Cardinal George warns of civil union bill's unintended consequences

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Cardinal Francis George

With a lame-duck session of the Illinois General Assembly considering a proposal to establish civil unions between same-sex partners, the former president of the United States Conference of Catholic Bishops has warned that the bill will confuse the public and pose problems for religious liberty.

“Marriage is what it is and always has been, no matter what a legislature decides to do,” Cardinal Francis E. George noted in his Nov. 22 statement, speaking as the head of the Archdiocese of Chicago. “However, the public understanding of marriage will be negatively affected” if the civil union bill passes.

Cardinal George expressed concern that the law would foster a functional equivalence between the natural institution of marriage –which is foundational to families and society– and other types of unions which cannot serve the same procreative or social purpose. Such an equivalence, he indicated, is contrary not only to faith, but to human reason.

In a statement accompanying Cardinal George's remarks, the Catholic Conference of Illinois observed that “marriage is granted unique protections and benefits under the law” because of its essential contribution to society's common good.

The conference reasoned in its statement that granting “marriage-like benefits” to same-sex partners would serve to “further weaken” the “already fragile institution” of marriage, by using the law to alter public perceptions and cultural norms.

Cardinal George also noted “the impact of this legislation on the Church's social service ministries,” a concern he said the bill's proponents had failed to address.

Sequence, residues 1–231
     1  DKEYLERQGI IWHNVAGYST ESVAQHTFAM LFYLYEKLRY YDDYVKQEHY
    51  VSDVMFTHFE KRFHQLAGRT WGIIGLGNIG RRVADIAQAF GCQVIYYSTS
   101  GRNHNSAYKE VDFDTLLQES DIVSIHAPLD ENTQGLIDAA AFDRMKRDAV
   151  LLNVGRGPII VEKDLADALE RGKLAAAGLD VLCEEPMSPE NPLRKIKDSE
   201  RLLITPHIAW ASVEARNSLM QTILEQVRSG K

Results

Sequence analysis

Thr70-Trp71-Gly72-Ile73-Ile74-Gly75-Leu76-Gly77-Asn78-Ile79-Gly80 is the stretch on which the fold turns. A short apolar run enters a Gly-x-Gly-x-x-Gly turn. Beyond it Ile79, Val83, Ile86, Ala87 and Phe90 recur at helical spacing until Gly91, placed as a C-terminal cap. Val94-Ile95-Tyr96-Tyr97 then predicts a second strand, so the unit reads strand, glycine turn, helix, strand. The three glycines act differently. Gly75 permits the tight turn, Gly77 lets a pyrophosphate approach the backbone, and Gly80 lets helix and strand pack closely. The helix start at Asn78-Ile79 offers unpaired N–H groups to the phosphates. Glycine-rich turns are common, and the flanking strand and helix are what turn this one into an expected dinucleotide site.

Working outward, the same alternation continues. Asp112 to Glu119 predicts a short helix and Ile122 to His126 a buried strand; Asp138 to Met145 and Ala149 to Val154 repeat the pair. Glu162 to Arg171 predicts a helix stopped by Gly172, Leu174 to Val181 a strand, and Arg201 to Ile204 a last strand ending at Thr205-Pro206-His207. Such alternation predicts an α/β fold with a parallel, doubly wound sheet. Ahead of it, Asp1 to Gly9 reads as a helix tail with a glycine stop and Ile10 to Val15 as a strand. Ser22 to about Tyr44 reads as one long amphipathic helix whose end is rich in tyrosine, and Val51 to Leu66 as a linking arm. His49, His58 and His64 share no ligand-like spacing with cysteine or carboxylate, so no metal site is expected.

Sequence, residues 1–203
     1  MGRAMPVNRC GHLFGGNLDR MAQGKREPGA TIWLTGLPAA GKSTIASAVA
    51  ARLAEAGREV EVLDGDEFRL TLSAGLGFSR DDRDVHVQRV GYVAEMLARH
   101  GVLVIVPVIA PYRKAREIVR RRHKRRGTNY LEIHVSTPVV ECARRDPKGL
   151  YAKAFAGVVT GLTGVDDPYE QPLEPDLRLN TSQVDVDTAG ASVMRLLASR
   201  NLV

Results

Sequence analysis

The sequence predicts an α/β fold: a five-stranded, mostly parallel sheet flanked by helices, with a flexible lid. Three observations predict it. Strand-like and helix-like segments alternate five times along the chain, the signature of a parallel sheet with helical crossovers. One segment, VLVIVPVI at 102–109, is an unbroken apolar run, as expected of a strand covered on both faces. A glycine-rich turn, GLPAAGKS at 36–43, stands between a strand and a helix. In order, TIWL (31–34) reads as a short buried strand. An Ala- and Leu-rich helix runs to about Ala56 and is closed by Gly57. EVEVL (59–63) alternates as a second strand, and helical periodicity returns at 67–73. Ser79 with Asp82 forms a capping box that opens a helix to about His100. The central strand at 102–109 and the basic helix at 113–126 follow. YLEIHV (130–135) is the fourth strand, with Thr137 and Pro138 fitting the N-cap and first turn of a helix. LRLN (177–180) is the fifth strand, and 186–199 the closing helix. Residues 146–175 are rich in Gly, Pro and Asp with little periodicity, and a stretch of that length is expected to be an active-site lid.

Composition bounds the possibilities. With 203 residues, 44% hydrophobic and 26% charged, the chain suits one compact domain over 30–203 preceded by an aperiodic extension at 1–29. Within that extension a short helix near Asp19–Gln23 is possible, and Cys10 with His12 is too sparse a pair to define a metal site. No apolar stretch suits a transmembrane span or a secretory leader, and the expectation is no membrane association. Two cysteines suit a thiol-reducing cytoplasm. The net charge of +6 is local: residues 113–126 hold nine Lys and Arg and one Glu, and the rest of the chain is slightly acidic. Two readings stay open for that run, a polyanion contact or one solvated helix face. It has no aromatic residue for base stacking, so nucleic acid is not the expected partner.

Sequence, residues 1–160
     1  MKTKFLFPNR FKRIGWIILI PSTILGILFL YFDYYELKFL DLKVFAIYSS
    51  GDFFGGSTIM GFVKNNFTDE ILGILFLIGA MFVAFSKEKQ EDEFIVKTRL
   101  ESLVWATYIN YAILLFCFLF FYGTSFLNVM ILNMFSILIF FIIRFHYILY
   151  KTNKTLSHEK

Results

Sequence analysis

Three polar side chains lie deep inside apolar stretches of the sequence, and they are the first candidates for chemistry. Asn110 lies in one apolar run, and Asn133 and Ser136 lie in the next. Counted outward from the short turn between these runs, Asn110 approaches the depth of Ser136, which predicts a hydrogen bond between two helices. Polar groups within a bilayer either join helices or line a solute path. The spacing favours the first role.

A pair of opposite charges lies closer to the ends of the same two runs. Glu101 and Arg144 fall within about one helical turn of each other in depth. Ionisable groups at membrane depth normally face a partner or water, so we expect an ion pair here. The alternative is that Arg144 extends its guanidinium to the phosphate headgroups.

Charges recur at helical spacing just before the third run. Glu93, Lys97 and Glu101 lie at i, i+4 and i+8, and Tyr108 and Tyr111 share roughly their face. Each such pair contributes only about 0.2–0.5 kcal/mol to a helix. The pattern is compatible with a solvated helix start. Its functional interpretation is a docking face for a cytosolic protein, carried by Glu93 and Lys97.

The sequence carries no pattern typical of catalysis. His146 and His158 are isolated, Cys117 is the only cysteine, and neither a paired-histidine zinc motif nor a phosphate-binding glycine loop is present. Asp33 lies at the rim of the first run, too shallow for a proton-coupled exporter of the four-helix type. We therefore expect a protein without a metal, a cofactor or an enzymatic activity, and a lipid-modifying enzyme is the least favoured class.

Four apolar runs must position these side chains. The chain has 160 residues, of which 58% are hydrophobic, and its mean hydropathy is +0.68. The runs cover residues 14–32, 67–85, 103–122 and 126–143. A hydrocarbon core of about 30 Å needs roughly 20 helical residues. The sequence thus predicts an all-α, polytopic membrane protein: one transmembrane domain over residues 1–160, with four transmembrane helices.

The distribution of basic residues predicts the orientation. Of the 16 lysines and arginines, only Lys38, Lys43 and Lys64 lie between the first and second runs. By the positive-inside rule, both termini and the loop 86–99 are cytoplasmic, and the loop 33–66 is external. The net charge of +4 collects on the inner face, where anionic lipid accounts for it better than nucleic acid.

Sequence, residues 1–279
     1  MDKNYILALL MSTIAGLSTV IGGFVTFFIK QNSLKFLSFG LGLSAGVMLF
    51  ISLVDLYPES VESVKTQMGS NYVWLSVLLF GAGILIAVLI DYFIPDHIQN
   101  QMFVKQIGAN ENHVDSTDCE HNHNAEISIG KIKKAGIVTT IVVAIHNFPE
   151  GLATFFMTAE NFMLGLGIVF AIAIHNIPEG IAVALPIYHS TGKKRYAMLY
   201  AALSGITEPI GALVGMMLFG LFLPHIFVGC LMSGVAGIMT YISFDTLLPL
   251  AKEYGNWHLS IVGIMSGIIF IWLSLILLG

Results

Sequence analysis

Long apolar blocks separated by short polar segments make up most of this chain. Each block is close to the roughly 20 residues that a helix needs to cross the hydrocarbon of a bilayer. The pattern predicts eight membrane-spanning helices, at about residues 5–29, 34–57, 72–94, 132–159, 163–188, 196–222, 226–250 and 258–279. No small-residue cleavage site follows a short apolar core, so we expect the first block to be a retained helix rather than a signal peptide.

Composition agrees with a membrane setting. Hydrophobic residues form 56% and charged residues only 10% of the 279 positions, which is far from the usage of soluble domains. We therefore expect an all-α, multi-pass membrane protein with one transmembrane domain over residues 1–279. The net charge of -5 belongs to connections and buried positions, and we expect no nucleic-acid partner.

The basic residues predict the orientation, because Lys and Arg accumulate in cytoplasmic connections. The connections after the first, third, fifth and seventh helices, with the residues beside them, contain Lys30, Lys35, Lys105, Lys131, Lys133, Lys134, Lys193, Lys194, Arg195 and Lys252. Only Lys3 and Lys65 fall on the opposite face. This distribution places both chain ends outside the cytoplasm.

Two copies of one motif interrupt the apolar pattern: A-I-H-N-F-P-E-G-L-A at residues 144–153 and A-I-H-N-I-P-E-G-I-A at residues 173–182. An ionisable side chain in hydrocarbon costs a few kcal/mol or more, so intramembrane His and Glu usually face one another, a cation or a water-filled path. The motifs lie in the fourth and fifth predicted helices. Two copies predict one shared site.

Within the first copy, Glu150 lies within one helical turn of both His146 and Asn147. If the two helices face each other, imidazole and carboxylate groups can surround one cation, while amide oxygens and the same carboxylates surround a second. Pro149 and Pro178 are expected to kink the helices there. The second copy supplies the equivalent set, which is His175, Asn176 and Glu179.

The Illinois conference's statement explained that the legislation did not sufficiently protect the religious liberty of adoption and foster care agencies, Church-run social services, and employers who might object to granting family benefits to same-sex couples.

Rep. Greg Harris, whose website declares him to be “the highest ranking openly gay elected official in the State of Illinois,” cosponsored the bill. He has claimed that the cardinal's anxieties about religious liberty are unfounded, since the bill purports not to “interfere with or regulate the religious practice of any religious body.''

Rep. Harris further speculated that either Cardinal George was being misled, or the conference was “trying to make more of (the bill) than there really is.” However, other bishops' experiences with local lawmakers and similar statutes would indicate that the cardinal's concerns are well-founded.

Other bills that have gained notoriety for their restrictions on the Church's free exercise of religion –such as Connecticut's notorious S.B. 1098, which barred Catholic bishops and priests from exercising administrative control of parishes– have included similar disclaimers.

Critics say that these disclaimers, while using the language of religious freedom, actually have the effect of severely restricting the notion of what “religious practice” is, in order to exclude virtually everything other than worship services from the definition.

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